➢ On April 1, nearly 70 hospital systems will switch from billing separately for each component of a knee or hip replacement to receiving a bundled payment for all care provided from the time the patient enters the hospital until 90 days after discharge. Just consider the possibilities!

➢ Two weeks ago, the Centers for Medicare & Medicaid Services (CMS), which is driving the value-based revolution, announced a proposal to change the way physicians are paid for drugs administered in their offices (mainly oncology medications).

Today, doctors get the … Continue Reading

Affordable Care Act healthcare costs healthcare reform healthcare system; Value-based reimbursement

How Much Is That CT Scan In the Window?

transparencyDo you know how much that 50-inch, flat-screen TV cost? How about your car? The cashmere cardigan you just had to have?

So how much did that visit with your gyn because of your painful period cost (men: substitute whatever you want here)? The ultrasound to see if you had a fibroid? The myomectomy to remove the fibroid?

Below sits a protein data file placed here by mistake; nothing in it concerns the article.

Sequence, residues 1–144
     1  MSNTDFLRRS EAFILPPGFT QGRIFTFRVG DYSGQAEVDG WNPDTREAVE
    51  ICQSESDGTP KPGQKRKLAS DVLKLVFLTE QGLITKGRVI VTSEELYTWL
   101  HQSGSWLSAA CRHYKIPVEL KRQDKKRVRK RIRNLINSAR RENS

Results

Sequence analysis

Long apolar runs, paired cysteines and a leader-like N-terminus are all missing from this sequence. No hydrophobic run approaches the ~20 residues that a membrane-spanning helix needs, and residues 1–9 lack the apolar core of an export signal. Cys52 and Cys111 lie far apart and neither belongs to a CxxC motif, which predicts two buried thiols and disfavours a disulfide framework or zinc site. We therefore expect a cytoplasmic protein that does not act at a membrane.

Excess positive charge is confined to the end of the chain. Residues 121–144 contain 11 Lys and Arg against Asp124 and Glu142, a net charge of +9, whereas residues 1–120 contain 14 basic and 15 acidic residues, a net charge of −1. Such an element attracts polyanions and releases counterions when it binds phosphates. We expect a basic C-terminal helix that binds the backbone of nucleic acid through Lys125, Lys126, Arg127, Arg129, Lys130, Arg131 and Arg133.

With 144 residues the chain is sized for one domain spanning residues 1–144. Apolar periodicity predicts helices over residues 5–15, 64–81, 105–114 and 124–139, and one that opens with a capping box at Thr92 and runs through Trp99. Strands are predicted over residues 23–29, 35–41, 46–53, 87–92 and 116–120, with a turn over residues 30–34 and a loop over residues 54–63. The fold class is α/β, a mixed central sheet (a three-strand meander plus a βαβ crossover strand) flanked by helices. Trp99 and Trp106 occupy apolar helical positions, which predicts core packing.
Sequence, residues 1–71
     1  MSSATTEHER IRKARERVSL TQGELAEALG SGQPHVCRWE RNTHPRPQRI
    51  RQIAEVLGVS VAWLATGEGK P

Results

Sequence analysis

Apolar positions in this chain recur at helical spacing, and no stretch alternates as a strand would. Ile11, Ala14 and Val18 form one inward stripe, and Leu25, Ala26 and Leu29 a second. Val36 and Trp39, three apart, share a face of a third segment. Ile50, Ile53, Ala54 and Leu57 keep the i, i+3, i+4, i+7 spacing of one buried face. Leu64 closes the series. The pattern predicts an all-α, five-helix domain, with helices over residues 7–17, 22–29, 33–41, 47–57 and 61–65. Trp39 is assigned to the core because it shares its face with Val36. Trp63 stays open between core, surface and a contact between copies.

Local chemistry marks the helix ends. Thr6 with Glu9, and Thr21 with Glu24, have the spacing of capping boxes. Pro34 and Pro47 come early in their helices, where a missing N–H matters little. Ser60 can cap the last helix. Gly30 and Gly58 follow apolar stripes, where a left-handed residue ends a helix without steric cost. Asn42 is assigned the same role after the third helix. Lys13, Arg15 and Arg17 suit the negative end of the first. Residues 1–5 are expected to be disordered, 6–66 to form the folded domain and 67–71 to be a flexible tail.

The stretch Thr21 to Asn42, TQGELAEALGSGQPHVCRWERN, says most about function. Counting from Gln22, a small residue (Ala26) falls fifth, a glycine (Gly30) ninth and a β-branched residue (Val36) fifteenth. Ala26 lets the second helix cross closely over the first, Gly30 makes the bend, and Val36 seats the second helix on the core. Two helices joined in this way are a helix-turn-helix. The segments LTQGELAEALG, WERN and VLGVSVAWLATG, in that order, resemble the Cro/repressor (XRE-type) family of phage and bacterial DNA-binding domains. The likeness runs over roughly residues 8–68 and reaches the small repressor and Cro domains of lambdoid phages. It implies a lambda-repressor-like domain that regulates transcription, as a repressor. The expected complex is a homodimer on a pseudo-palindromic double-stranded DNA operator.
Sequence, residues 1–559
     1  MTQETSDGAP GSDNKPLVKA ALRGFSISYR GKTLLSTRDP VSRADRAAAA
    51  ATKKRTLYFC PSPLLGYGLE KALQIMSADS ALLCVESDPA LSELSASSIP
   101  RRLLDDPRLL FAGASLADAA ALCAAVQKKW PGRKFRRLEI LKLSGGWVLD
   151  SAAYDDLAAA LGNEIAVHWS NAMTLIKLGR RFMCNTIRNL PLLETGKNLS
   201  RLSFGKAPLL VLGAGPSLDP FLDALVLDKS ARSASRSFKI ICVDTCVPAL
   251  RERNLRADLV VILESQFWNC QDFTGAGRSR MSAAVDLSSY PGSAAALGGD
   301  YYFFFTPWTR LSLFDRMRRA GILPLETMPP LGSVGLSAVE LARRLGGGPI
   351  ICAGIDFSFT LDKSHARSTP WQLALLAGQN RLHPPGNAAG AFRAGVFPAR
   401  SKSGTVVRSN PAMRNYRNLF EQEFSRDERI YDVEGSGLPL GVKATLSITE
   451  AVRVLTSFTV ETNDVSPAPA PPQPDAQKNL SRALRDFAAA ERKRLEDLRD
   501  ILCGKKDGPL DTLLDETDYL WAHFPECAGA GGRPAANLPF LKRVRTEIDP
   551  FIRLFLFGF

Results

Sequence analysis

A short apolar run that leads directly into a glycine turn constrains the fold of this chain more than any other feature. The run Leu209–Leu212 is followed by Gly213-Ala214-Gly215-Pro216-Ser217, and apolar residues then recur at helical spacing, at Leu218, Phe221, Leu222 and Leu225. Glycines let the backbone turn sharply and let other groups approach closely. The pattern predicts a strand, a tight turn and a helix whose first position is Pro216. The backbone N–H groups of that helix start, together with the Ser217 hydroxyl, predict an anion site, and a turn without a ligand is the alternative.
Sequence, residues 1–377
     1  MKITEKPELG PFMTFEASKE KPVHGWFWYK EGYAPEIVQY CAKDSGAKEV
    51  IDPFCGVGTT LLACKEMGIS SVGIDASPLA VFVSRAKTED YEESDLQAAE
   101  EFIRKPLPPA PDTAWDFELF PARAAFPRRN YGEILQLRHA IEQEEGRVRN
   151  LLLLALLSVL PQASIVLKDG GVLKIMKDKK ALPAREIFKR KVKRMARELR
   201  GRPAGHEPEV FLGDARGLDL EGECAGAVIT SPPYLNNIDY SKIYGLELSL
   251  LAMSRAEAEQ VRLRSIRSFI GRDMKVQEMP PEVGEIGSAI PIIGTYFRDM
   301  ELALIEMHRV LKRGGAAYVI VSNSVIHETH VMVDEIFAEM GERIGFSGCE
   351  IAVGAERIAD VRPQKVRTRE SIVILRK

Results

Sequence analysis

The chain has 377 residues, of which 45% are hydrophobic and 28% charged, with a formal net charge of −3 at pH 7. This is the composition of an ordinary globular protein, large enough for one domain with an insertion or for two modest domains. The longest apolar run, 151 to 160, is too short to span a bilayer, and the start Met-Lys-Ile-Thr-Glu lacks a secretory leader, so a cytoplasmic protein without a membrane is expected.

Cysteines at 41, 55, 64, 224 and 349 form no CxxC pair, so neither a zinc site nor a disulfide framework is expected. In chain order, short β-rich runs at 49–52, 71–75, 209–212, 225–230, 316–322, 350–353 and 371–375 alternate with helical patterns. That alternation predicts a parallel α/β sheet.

A few years ago it didn’t matter so much; most of us only had to handle relatively small copayments and many of us didn’t even have deductibles. Fast forward to today, when the cost job-based health insurance has grown faster than our incomes, essentially eating up any salary increases over the past 10 years. In fact, the average deductible has more than doubled for most employees regardless of the size of their companies.

Note I said the past 10 years. Which means you can’t blame the five-year-old Affordable Care Act entirely. In fact, out-of-pocket payments would likely be higher without the ACA; a recent report from the Commonwealth Fund found a “marked slowdown in premium growth in 31 states and the District of Columbia.” However, that same report also found that premiums increased about … Continue Reading

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A Letter to a Friend (or, I’m Sorry I Lost My Temper Last Night”)

Sibling RivalrySo I did something last night that I’m not proud of. I got into an argument – complete with raised voices – with a friend. Over health care and the Affordable Care Act (ACA), of course. (Note that he continually called it “Obamacare” in a somewhat sneering tone, which, as those of you who read my blog regularly or know me, know I consider a derogatory term for a very important piece of legislation).